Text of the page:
Ex-wunderkind producer and studio head Robert Evans continues the love letter to himself he initiated in 1994 by narrating this documentary by Brett Morgen and Nanette Burstein based on the best-selling memoir of the same title he published in that year. “The Kid Stays in the Picture” seems an almost perfect embodiment of the spirit of its subject: it’s slick, self-serving and amusing but ultimately rather shallow, more apologia than analysis. Movie buffs should find it almost morbidly fascinating, and compared to most “non-fiction” films it’s certainly lavish and eye-catching. In reality, though, it exudes the pizzazz of celebrity cable TV instead of the incisiveness of real reporting.

Evans did, of course, have a remarkable career. Plucked in his mid-twenties from life as a successful businessman to become a Hollywood actor (Norma Shearer discovered him at a Beverly Hills swimming pool and decided he was perfect for the role of her late husband Irving Thalberg in Universal’s biographical movie about Lon Chaney, Sr., “Man of a Thousand Faces”), he had a meteoric career, in the sense of both rising and falling quickly: snippets of his thespian work, culminating in his hilariously awful turn in the 1958 disaster “The Fiend Who Walked the West,” cover this period smoothly. For some reason an article on him by Peter Bart (now the editor-in-chief of Variety but at the time a mere reporter for the New York Times) induced Charles Bluhdorn, the mercurial chairman of Gulf and Western (and a fascinating fellow in his own right, whom the picture leaves one longing to know more about), to tap him to become head of production at near-moribund Paramount, which G&W had recently acquired. Over the course of four years Evans turned the studio around, and easily the most interesting portion of “Kid” involves his recollections of the trials and tribulations behind the making of such smashes as “Rosemary’s Baby,” “Love Story” and “The Godfather”–all made while he staved off closure (the famous tale of how he single-handedly persuaded the G&W board to keep the studio open still retains its edge-of-the-cliff effect). Evans went on to a prolific producing career both while heading Paramount and later as an independent, but his golden-boy aura was eventually undone by the turmoil that attended the making of “The Cotton Club,” which turned into a financial calamity for both him and Francis Ford Coppola, and by his implication in a cocaine bust and a lurid murder case. The final reel recounts how he nonetheless rose from the ashes with the help of buddies like Jack Nicholson and Warren Beatty to become a player again. You almost expect the flick to end with Evans’ rendition of “I Ain’t Down Yet!” Move over, Molly Brown!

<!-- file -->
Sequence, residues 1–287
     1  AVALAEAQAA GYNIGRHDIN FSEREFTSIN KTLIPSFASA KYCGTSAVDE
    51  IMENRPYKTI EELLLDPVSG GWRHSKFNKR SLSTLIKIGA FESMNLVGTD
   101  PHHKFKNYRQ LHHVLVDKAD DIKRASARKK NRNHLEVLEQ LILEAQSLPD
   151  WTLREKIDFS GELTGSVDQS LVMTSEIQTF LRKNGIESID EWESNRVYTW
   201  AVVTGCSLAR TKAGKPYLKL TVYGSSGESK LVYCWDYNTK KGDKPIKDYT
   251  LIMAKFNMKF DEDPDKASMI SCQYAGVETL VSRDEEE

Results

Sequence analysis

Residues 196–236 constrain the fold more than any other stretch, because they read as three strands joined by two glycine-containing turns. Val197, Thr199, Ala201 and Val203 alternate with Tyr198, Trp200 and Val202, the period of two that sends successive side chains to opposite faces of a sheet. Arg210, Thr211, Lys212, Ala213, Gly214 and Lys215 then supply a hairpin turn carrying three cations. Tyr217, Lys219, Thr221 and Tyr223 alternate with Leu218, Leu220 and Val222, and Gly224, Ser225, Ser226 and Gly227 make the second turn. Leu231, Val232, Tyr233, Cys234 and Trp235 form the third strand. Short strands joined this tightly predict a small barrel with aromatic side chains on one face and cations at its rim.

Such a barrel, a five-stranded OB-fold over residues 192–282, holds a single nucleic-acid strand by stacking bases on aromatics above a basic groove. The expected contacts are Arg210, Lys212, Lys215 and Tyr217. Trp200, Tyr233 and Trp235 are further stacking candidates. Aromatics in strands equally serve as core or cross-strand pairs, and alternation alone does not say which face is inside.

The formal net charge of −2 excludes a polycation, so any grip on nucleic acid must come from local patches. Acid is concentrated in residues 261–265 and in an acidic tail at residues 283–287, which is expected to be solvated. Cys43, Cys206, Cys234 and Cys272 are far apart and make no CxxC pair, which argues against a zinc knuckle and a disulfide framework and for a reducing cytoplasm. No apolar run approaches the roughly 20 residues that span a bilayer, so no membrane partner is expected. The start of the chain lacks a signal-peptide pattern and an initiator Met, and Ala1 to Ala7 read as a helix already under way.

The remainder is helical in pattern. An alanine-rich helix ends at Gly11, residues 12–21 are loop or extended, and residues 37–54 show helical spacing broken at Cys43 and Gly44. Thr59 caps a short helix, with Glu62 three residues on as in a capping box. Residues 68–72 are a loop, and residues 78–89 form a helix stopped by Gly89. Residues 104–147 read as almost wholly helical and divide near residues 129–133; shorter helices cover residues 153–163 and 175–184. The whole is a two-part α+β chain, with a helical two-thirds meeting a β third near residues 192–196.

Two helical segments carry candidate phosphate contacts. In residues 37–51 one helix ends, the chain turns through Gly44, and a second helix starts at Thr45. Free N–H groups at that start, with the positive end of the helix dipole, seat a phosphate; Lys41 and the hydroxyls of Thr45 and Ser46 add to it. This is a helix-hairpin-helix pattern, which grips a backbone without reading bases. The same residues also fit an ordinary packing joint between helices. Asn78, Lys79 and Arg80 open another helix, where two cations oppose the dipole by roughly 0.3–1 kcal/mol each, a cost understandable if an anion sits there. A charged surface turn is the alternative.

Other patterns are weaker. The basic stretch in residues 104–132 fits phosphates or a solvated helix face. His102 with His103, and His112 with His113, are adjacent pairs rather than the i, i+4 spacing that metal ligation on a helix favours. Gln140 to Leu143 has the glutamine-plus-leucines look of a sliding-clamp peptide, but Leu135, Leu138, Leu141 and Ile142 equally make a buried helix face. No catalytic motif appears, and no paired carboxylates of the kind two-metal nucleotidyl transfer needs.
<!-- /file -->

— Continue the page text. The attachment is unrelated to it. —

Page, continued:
“The Kid Stays in the Picture”–the title quotes Daryl F. Zanuck’s insistence that the young Evans keep his role as a matador in “The Sun Also Rises” despite widespread dissatisfaction with his casting–makes absolutely no claim to objectivity: this is Evans’ version of events, which he narrates in the hard-boiled, purpler-than-thou prose of the Hollywood tough guys of 1940s film noir. It glosses over many aspects of Evans’ life, not least the years prior to his “discovery” in 1956. (Surely his childhood might have deserved at least a line or two.) But this is clearly the great man’s interpretation of himself, and Evans argues at the beginning of it all that his perspective is as valid as any other. (There are no “talking head” interruptions here to afford alternate views.) Morgen and Burstein have certainly presented his recollections in as sumptuous and visually dazzling a fashion as possible. They’ve spared no effort in assembling pertinent archival footage; filmed appropriate locales, including Evans’ palatial abode, in luxurious, swooning style; fashioned elaborate cuts and montages to make the transitions ultra-smooth; and even spruced up still photos (using the 3-D “viewmaster” technique that Stephen Low has employed in his IMAX features “Across the Sea of Time” and “Mark Twain’s America”) to give them greater immediacy. The result is a documentary with an unusually rich visual surface, even if you might leave feeling that you haven’t been taken very far beneath it.

Speaking of leaving “The Kid in the Picture,” be sure to stay through the final credits, over which Dustin Hoffman–apparently during the shoot of “Marathon Man” (which might incidentally have been covered in more detail)–delivers a hilarious improvised impersonation of Evans, who produced that movie. It’s good enough to make you wonder whether observations from more folks who dealt with the wonder boy over the years might not have strengthened the picture. As it is, the documentary is like an elegantly-served meal that nonetheless leaves you feeling hungry for something a bit more nutritious when it’s over.